By Francis West
Head of Private Sector Policy & Advocacy, UNICEF UK
With most commentators invariably heaping praise on the UK’s Modern Slavery Act of 2015, it will be a surprise to some that parliamentarians are already debating amendments to the Act. While the Act is certainly ground-breaking, with 1.2 million child victims of trafficking each year, it is important that no stone is left unturned in the fight against modern slavery.
Early analysis of the Transparency in Supply Chain requirement, enshrined in the Act, showed that out of 75 company statements, only 22 were signed by a director or equivalent and available on the company’s website homepage – both of which are legally required. Only nine statements met these requirements and addressed the six reporting areas suggested in the Act such as organisational structure, company policies and due diligence. With this in mind, it’s easier to understand why Parliament has started to look for ways to make the requirement work more effectively, with public procurement being viewed as the primary tool to achieve this.
Baroness Young’s Private Member’s Bill, which will be debated in Committee this month, presents an opportunity to use public procurement to catalyse respect for human and child rights in Government supply chains and contracted companies. The Bill seeks to amend the Modern Slavery Act in two key ways: by applying the requirement to report on efforts to address modern slavery and trafficking in supply chains not only to businesses, but also to public bodies procuring goods and services (Clause 1); and to exclude companies that don’t produce a statement from bidding for public sector contracts (Clause 2).
Clause 2 would act as a powerful incentive for businesses to comply with the reporting provisions of the Modern Slavery Act, and would be likely to increase awareness of the supply chain provisions amongst a wide range of actors. Clause 1 would put the onus on public bodies to undertake due diligence into their own supply chains and to identify and mitigate risks of tax-payer money being spent on goods and services linked to modern slavery and trafficking.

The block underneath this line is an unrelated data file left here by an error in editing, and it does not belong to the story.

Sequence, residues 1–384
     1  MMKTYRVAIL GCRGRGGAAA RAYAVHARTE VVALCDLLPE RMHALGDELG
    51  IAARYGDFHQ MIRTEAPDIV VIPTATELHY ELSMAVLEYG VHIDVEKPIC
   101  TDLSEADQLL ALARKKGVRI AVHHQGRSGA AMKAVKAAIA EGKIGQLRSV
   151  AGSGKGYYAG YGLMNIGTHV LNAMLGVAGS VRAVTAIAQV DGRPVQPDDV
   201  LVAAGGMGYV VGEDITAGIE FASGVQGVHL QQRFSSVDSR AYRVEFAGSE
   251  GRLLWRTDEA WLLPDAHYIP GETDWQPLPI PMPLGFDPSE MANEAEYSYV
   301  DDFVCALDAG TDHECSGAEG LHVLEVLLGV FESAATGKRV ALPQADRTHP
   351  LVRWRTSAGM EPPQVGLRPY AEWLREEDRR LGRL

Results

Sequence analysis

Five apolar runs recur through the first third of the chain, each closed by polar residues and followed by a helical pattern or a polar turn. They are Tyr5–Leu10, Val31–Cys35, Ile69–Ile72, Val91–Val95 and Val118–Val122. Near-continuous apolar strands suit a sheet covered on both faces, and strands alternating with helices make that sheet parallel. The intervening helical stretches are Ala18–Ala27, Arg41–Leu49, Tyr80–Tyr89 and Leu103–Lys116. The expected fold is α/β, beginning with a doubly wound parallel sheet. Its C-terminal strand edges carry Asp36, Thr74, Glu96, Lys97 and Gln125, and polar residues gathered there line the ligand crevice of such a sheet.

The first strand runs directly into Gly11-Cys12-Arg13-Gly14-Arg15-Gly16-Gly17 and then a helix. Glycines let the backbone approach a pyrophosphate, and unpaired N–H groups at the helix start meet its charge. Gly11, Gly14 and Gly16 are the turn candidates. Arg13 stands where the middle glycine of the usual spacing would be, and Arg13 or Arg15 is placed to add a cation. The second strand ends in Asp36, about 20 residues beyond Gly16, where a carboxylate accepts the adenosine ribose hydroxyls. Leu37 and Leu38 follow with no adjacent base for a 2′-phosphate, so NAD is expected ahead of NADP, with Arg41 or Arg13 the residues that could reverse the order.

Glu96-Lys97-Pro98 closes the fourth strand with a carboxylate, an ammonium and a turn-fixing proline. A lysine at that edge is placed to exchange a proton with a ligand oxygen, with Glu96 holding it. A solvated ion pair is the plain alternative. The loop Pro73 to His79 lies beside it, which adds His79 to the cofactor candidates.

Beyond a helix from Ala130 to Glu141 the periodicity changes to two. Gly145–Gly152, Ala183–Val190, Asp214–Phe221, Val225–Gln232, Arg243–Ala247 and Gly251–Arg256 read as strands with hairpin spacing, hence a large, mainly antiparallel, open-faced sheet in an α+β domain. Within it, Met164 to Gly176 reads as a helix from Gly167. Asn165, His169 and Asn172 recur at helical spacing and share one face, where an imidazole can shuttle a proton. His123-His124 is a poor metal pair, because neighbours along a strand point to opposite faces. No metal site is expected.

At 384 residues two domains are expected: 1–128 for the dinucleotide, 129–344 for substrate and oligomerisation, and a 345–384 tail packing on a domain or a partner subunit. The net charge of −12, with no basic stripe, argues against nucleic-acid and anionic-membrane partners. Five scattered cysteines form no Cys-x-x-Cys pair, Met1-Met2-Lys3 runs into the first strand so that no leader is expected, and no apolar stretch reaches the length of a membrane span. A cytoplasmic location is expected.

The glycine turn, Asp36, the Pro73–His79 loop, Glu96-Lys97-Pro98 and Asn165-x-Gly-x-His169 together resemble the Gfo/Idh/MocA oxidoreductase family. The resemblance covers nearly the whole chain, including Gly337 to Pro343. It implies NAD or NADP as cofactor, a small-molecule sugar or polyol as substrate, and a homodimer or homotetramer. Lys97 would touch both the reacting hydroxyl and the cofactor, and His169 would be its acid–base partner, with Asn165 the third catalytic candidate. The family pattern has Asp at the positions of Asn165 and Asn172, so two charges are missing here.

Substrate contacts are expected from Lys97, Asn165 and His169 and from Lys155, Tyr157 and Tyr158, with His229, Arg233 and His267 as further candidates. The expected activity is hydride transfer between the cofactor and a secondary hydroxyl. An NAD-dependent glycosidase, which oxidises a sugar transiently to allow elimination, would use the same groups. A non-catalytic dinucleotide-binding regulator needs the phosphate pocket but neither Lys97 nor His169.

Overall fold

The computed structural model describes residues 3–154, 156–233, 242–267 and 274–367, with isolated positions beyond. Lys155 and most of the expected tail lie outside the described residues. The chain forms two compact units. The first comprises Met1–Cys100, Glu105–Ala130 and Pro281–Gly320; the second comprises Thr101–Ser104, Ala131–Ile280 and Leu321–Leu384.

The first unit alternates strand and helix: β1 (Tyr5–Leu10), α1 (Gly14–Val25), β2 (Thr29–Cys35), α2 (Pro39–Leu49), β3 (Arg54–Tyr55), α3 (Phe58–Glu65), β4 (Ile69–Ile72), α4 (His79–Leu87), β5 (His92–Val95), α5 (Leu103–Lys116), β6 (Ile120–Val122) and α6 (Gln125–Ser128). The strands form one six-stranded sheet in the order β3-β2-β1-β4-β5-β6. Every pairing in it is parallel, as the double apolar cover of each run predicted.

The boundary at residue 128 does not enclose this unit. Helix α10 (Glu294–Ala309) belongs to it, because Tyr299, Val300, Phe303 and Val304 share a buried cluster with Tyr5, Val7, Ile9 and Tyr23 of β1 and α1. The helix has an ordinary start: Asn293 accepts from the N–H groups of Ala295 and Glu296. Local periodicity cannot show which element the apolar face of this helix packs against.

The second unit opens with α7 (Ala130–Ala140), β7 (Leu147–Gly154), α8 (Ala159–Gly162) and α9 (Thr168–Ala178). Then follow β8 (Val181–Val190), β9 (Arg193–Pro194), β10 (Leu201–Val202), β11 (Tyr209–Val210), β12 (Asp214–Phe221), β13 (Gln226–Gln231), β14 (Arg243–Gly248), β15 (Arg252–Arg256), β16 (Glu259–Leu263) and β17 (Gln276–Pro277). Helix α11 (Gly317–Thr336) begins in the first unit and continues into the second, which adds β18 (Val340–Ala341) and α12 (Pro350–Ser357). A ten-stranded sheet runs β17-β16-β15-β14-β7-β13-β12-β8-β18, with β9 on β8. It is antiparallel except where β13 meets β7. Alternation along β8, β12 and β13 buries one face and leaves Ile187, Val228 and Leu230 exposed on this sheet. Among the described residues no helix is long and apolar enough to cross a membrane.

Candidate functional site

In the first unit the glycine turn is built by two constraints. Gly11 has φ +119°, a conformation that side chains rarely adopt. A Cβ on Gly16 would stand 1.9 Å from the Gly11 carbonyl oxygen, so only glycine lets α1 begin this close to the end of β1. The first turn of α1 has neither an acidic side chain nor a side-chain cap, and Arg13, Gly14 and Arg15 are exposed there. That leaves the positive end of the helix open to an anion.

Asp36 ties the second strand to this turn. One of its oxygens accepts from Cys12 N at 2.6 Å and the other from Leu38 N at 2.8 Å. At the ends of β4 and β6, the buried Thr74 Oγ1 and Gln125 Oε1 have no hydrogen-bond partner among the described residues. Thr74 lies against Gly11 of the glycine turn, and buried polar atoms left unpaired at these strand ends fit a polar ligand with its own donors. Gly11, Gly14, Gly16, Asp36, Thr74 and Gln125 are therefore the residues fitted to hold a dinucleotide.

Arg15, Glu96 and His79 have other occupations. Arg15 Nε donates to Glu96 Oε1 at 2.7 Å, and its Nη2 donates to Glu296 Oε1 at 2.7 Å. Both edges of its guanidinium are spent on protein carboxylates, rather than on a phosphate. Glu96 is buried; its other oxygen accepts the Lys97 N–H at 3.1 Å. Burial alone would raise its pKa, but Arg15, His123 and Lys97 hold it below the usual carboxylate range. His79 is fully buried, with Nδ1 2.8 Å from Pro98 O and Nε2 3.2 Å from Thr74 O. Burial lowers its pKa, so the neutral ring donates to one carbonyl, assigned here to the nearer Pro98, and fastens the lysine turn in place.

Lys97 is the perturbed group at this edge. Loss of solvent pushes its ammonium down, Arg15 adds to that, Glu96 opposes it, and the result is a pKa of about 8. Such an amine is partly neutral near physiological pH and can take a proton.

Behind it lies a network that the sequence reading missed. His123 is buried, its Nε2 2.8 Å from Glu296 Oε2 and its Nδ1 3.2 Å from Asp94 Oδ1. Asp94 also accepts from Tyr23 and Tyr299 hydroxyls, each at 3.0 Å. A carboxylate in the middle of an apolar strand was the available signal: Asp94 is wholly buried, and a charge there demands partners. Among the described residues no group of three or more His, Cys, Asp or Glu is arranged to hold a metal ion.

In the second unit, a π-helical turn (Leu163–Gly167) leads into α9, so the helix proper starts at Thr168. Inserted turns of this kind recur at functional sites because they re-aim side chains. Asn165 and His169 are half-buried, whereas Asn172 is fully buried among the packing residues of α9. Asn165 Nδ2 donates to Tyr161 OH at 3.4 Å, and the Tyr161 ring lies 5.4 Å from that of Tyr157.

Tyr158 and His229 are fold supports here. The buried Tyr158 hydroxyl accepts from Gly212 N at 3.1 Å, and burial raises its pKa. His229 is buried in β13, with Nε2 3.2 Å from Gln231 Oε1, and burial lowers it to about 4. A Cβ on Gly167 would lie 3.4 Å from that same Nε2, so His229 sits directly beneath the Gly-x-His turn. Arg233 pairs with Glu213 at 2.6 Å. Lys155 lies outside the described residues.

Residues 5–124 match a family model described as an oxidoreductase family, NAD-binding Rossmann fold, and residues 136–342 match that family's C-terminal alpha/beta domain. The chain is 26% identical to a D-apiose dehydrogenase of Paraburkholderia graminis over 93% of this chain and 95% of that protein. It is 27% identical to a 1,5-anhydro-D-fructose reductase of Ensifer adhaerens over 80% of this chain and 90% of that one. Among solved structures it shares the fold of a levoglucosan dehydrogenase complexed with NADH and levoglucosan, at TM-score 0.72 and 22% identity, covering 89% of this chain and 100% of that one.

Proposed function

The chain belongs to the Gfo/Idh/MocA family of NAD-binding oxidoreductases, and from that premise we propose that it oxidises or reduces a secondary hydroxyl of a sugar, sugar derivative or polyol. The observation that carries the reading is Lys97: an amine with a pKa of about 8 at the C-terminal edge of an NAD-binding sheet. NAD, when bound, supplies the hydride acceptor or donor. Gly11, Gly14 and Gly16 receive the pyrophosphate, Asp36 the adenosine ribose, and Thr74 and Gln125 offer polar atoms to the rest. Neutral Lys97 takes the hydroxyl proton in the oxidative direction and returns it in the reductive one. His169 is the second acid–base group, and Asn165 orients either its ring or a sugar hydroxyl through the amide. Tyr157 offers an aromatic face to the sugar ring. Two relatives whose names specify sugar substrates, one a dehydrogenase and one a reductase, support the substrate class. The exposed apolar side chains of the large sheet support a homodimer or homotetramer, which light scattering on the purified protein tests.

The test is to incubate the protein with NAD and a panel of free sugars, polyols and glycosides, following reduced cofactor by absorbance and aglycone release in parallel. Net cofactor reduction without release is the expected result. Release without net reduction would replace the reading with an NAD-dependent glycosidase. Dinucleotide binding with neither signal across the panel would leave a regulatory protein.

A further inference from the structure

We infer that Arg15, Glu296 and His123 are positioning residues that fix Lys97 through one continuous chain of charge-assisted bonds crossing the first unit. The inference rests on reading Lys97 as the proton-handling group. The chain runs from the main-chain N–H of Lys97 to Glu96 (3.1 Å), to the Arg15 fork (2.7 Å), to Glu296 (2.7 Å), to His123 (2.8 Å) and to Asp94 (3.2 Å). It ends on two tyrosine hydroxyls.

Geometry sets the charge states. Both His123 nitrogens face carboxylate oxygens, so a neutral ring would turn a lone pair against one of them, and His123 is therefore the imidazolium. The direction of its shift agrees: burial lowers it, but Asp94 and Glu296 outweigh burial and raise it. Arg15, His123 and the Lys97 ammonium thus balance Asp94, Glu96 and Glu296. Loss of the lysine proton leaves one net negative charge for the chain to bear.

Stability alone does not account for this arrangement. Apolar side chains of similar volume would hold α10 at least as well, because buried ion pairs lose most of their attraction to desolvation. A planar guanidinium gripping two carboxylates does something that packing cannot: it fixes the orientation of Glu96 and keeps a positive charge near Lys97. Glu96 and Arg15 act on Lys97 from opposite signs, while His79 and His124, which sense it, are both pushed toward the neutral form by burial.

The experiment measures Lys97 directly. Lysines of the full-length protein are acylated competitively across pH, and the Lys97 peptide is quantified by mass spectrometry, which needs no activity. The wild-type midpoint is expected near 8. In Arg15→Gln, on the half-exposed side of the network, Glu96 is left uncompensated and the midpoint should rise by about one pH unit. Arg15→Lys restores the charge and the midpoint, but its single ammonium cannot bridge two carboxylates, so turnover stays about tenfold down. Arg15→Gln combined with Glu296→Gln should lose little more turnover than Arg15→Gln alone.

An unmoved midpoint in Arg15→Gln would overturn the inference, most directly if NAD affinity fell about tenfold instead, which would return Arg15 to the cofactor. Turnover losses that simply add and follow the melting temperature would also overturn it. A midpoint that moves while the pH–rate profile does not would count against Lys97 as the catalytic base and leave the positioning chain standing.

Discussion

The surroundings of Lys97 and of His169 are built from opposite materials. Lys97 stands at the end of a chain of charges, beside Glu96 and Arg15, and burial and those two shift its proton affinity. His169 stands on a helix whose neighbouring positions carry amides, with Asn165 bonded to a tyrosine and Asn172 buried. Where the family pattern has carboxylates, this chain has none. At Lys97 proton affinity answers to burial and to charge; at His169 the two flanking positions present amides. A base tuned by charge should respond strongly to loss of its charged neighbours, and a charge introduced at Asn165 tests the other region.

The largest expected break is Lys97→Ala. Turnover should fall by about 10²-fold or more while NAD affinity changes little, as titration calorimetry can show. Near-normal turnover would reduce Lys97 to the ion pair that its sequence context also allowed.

Responding to the second reading of the Bill, the Government outlined a number of steps it would take, and the areas it felt were covered by existing policy:
Crucially, the Government agreed that it was desirable that ‘information on slavery and trafficking statements informs future procurement decisions by the public sector.’ As such, there are plans to amend the cross-government procurement selection questionnaire so that companies wanting to bid for public contracts would be asked to confirm their compliance with Section 54 (transparency in supply chains) of the Modern Slavery Act. While this is welcome, the amendment of the pre-qualification questionnaire could be expanded to reflect a potential bidder’s commitment to the UN Guiding Principles on Business and Human Rights (UNGPs) in the round. Limiting the questionnaire to the provisions of the Modern Slavery Act seems a missed opportunity given that elsewhere the Government states its expectation that all UK businesses should be undertaking human rights due diligence (as per the UNGPs).
With respect to Clause 1 of Baroness Young’s Bill, the Government rejected the idea of requiring public bodies to produce modern slavery and trafficking statements, suggesting that public authorities can already be challenged under the 1998 Human Rights Act for acting incompatibly with the European Convention on Human Rights. While this may be true, the ability to hold an organisation to account retrospectively for infringing rights is distinct from encouraging that body to undertake due diligence to ensure that those issues do not arise in the first place. Equally, it would be interesting to see how many public authorities have been successfully challenged under the Human Rights Act for their procurement practices. I suspect the number is low.
Finally, the Government committed the Crown Commercial Service to publishing a procurement policy note ‘later this month’ that would act as guidance for central government departments, their agencies and non-departmental bodies on social, labour law and environmental aspects of the public procurement regulations. This would be a positive development. With this commitment being made in July, we hope to see this new note in the near future.
An issue that didn’t appear in either Baroness Young’s Bill or the Government’s response was consideration of using public procurement to drive up standards of reporting under the existing transparency in supply chain requirement. Few slavery and human trafficking statements cover the Act’s suggested areas for inclusion such as organisational structure, company policies and due diligence. At the Bill’s Committee stage, there is an option to explore using the public procurement process to ensure more widespread use of these suggested issues for inclusion in a slavery and human trafficking statement. Such action would kick-start more thorough and wide ranging due diligence processes amongst a wide cross-section of businesses and reflect the Prime Minister’s call to ratchet up ambition on ‘the great human rights issue of our time.’